Calorie Restriction Prevents Negative Effects of Aging (and helps you live longer)

Calorie Restriction Prevents Negative Effects of Aging (and helps you live longer)

By the wlr team

Key takeaways

  • 57% of age-related changes in cell composition seen in the tissues of rats on a normal diet were not present in the rats on a 30% calorie restricted diet
  • Increase in the inflammatory response during aging repressed by caloric restriction

If you want to reduce levels of inflammation throughout your body, delay the onset of age-related diseases and live longer—eat less food.

That’s the conclusion of a new study(1) by scientists from the US and China that provides the most detailed report to date of the cellular effects of a calorie-restricted diet.

“We already knew that calorie restriction increases life span, but now we’ve shown all the changes that occur at a single-cell level to cause that,” says Juan Carlos Izpisua Belmonte, co-corresponding author of the new paper.

Aging is the highest risk factor for many human diseases, including cancer, dementia, diabetes and metabolic syndrome.

Caloric restriction has been shown in animal models to be one of the most effective interventions against these age-related diseases. And although researchers know that individual cells undergo many changes as an organism ages, they have not known how caloric restriction might influence these changes.

The Study

Belmonte and his collaborators compared rats who ate 30 percent fewer calories with rats on normal diets.

Their diets were controlled from age 18 months through 27 months. (In humans, this would be roughly equivalent to someone following a calorie-restricted diet from age 50 through 70.)

At both the start and the conclusion of the diet, Belmonte’s team isolated and analyzed a total of 168,703 cells from 40 cell types in the 56 rats.

The cells came from fat tissues, liver, kidney, aorta, skin, bone marrow, brain and muscle.

The Results

  • Many of the changes that occurred as rats on the normal diet grew older didn’t occur in rats on a restricted diet.
  • Even in old age, many of the tissues and cells of animals on the diet closely resembled those of young rats.
  • Overall, 57 percent of the age-related changes in cell composition seen in the tissues of rats on a normal diet were not present in the rats on the calorie restricted diet.

“This approach not only told us the effect of calorie restriction on these cell types, but also provided the most complete and detailed study of what happens at a single-cell level during aging,” says co-corresponding author Guang-Hui Liu, a professor at the Chinese Academy of Sciences.

  • Some of the cells and genes most affected by the diet related to immunity, inflammation and lipid metabolism.
  • In brown adipose tissue, a calorie-restricted diet reverted the expression levels of many anti-inflammatory genes to those seen in young animals.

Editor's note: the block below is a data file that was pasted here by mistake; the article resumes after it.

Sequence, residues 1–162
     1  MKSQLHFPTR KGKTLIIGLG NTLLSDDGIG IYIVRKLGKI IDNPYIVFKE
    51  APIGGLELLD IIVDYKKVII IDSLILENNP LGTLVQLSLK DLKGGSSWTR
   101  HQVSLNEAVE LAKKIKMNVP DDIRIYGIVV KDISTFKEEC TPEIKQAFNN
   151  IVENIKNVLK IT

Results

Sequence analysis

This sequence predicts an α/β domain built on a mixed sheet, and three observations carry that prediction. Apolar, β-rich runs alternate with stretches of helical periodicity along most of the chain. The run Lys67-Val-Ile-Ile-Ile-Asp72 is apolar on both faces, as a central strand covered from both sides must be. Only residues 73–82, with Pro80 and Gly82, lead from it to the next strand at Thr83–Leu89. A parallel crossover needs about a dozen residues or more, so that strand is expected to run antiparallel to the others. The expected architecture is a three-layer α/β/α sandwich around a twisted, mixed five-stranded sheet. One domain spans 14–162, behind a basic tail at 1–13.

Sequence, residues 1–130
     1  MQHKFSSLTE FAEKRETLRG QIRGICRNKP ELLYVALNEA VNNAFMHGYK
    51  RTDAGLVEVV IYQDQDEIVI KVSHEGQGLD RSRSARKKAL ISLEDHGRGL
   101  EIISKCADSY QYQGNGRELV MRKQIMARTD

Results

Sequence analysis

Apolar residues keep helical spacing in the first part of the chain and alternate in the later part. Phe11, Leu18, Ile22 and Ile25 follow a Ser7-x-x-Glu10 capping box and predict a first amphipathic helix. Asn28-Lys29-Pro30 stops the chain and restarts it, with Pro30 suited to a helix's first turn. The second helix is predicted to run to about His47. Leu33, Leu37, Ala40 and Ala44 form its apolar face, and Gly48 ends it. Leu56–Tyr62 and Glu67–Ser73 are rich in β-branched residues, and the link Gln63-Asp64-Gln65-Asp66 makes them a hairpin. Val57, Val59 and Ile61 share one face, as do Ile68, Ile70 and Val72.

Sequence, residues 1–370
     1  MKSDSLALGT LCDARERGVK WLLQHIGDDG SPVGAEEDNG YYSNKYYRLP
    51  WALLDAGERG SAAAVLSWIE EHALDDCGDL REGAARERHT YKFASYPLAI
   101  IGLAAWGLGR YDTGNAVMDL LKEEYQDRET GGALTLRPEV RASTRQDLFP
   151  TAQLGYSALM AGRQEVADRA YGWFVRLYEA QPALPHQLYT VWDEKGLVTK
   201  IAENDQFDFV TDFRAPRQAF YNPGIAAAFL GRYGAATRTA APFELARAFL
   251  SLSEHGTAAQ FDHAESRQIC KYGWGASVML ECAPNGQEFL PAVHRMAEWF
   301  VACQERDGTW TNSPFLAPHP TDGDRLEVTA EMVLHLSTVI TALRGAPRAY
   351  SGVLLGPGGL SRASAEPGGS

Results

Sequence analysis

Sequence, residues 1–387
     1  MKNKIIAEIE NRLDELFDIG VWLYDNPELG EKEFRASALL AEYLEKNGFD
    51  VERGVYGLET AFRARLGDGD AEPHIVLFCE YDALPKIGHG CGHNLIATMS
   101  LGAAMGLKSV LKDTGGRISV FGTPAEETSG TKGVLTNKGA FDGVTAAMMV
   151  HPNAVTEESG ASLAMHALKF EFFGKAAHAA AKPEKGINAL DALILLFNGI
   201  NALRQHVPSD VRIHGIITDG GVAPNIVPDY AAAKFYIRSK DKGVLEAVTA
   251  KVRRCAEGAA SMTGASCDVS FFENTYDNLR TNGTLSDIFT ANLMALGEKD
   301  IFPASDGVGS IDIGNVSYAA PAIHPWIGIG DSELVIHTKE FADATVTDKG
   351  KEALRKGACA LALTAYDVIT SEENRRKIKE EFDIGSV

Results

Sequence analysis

“The primary discovery in the current study is that the increase in the inflammatory response during aging could be systematically repressed by caloric restriction” says co-corresponding author Jing Qu, also a professor at the Chinese Academy of Sciences.

“People say that ‘you are what you eat,’ and we’re finding that to be true in lots of ways,” says Concepcion Rodriguez Esteban, another of the paper’s authors and a staff researcher at Salk. “The state of your cells as you age clearly depends on your interactions with your environment, which includes what and how much you eat.”

Would you swap 30% less calories for 57% less aging?

Aside from the obvious body weight benefits, restricting calories is emerging as a major factor in keeping healthy as we age.

We previously covered two studies that shed light one this. Interestingly, both showed benefits at lower levels of calorie restriction - 12% and 25%.

number 12 in flowers

Many people could make a 12% reduction in daily calories without too much trouble. Here's the articles:

Cutting Calories by 12% Protects Health, Reduces Weight and Body Fat

Restricting Calories Can Be Good for Health Even at a Relatively Low BMI

How many calories would you need to cut?

Based on current guidelines, on average, women need 2000 calories a day, men 2500. The table below shows how many calories you could eat at the three levels of calorie restriction.

  Women Men
Normal Calories 2000 2500
Less 12% Reduction 1760 2200
Less 25% Reduction 1500 1875
Less 30% Reduction 1400 1750

Note: the 12% reduction level equates to around half a pound a week, 25% a pound a week, weight loss for women - a little more for men.

Here's some resources to help you make those reductions:

10 Easy Ways to Reduce Calories for Weight Loss

How to Plan Your Diet for Weight Loss

12 Ways to Cut Your Portion Sizes Without Feeling Hungry

See How Many Calories You Need

To maintain your current weight or lose weight. Get an accurate figure personal to you, plus the tools to keep track. You can try wlr free.

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References

(1) Caloric Restriction Reprograms the Single-Cell Transcriptional Landscape of Rattus Norvegicus Aging - Cell

Press release - Salk

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